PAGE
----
Mention is also made of Bengal in the Raghuvansa. At the period of the composition of that work, probably the whole body of the Ganges flowed down by way of Satgan, Sankhrál Reach, and Báripur to the sea, instead of taking its present course, viz.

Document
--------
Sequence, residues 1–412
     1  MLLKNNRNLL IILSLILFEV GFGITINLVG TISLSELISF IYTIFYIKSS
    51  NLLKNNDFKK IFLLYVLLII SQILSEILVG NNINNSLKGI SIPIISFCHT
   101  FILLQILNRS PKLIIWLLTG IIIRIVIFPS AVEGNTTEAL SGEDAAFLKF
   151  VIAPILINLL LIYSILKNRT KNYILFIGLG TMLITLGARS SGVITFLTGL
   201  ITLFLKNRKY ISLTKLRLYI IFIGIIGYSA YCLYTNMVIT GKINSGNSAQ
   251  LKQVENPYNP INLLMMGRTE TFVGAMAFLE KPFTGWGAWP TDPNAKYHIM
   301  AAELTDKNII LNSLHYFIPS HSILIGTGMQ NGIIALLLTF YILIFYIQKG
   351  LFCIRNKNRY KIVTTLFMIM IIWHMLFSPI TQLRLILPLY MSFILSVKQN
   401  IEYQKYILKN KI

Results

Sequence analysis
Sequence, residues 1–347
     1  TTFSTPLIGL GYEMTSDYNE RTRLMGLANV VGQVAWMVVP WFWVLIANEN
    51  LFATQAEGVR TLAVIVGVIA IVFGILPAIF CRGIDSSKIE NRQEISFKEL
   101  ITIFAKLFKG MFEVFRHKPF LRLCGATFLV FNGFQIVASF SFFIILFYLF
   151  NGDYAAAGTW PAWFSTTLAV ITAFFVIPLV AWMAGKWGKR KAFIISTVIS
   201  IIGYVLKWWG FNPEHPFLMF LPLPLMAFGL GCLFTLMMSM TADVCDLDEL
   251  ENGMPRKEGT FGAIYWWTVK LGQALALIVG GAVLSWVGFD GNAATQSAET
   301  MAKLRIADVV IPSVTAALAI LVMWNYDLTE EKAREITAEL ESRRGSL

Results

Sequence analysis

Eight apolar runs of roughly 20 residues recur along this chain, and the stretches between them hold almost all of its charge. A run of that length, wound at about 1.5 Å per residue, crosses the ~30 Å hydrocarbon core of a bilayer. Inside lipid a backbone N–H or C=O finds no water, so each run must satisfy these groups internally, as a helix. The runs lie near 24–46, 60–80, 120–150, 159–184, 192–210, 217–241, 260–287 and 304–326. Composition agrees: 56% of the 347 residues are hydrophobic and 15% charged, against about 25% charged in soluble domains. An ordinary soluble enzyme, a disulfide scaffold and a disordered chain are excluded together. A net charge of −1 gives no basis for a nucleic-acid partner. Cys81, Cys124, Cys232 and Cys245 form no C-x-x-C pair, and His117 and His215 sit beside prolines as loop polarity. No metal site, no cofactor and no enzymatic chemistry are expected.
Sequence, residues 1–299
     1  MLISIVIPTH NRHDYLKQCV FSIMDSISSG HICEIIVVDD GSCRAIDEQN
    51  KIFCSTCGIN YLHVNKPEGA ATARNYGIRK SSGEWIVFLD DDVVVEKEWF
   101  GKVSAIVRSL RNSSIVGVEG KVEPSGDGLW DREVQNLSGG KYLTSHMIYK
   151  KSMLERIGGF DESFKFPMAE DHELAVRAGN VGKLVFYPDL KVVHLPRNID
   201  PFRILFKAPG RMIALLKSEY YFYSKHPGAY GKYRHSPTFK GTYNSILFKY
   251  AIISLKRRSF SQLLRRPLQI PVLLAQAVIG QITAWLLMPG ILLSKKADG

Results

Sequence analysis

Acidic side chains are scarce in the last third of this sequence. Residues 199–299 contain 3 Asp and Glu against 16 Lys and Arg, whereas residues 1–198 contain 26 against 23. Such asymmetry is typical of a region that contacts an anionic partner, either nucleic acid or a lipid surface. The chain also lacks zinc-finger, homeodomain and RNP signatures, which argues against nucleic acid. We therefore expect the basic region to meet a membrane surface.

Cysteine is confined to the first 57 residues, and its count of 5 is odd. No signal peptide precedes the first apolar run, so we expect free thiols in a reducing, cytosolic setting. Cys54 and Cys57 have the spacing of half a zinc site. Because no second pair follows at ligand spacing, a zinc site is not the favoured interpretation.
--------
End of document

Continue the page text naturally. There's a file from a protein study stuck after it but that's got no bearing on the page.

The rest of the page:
* In proof of this, we would refer to an excellent volume, published under the patronage of the Asiatic Society of Bengal, "The Pilgrimage of Fa Hian, from the French, with additional notes. Calcutta. 1848." Professor Wilson has commented very favourably on this work in the Journal of the Royal Asiatic Society, and Colonel Sykes in his valuable "Notes on the Ante-Muhammadan period of India." In Fa Hian's days, viz. A. D. 399, Tamluk is described as near the sea, and as a place of great traffic; 1,000 Budhist monks lived in it. At the close of the 5th century before the Christian era, Dharmasoka, sovereign of all Jambudwipa, is said to have sent to the King of Ceylon an Ambassador, who embarked from Tamluk; and, as late as the 7th century, it was a town of considerable importance. We have a lively recollection of the danger we encountered lately in passing it, owing to the sands and shallows, with which the river is now filled. Like Satgan, it has fallen into decay, partly owing to that silting process of the river, which may eventually block up even the port of Calcutta.